Now let's divide the lawn into three parts. One part has sand restricted from blowing across it. With that N rate and irrigation rate, do you expect a lot of biomass production? I don't.

But I'm pretty sure that part of the lawn protected from topdressing is going to have more biomass production than the second part of the lawn, where I allow sand from the beach (disregard any salt effects here, and just consider sand) or adjacent dune to blow across at topdressing rates throughout the season, depositing let's say 1.2 cm of sand over the course of the season. Remember, we are growing this grass with a miniscule N rate and irrigation just to keep the soil above the wilting point.

I think the section of my lawn where I restrict the sand completely is going to develop more organic matter. And then there is the third section of my lawn, where I don't restrict the sand at all. In that case I have a dune at the end of the season and the grass is dead, producing no organic matter at all.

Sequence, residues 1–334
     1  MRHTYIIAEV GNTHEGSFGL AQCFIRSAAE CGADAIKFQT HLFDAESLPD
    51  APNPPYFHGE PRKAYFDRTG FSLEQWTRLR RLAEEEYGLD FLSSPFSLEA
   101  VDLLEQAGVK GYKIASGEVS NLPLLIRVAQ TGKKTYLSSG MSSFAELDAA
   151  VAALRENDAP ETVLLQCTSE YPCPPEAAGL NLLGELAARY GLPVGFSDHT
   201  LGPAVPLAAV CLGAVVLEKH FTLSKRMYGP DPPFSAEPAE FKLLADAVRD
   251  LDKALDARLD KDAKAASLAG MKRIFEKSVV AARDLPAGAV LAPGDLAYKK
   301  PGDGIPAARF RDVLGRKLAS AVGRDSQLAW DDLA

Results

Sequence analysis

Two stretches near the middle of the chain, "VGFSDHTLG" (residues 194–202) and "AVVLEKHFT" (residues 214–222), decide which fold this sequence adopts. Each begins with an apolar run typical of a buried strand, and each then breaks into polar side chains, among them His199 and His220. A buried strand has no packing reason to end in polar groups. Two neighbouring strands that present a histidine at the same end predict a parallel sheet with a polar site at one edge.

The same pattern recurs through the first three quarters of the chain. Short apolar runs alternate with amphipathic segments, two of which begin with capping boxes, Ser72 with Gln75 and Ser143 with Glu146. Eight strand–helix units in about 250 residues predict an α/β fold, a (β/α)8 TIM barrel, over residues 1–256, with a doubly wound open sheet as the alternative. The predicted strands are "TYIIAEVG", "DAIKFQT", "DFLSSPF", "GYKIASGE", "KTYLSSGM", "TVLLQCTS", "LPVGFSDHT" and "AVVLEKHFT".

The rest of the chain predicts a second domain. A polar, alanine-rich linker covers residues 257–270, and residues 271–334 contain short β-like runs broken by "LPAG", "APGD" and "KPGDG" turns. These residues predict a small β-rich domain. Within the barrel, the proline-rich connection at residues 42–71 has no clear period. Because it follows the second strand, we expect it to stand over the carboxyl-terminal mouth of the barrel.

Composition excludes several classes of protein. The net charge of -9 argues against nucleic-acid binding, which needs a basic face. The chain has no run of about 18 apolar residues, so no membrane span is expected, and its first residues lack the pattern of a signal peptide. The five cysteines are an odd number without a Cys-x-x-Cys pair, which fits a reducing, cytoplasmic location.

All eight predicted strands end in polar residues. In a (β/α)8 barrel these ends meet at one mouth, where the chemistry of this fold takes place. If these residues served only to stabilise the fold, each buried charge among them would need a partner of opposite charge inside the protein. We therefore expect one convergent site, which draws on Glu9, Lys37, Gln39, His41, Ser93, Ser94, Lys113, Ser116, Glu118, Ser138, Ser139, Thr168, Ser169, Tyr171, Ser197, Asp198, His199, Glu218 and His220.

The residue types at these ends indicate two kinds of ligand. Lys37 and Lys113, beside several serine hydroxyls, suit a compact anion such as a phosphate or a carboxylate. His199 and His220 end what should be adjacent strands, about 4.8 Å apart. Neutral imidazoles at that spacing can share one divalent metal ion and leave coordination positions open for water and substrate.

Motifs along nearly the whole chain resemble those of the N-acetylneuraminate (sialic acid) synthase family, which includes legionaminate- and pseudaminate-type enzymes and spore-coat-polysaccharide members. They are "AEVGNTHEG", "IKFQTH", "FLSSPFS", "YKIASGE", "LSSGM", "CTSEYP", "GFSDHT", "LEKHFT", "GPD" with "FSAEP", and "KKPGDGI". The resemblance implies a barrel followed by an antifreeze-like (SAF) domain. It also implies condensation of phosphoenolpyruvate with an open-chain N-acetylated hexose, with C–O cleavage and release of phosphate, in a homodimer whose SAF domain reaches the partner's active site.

If verticutting and sand topdressing are producing too much organic matter, please consider what would happen if you continued to verticut and sand topdress while stopping all fertilizer and all irrigation. The organic matter production would stop, because the grass would die.

Here's the kind of situation I'm thinking of. These are all manilagrass (Zoysia matrella). Some people think of this species as having heavy thatch.

image from

image from

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Plant it beside a beach, give it a very slow growth rate, and then add sand, and you get no thatch at all. You do get something that would probably be a better turf if less sand were added to it.

Isn't the growth rate largely a fertilizer (especially N) and a water issue? I don't see how sand and verticutting cause the grass to grow more.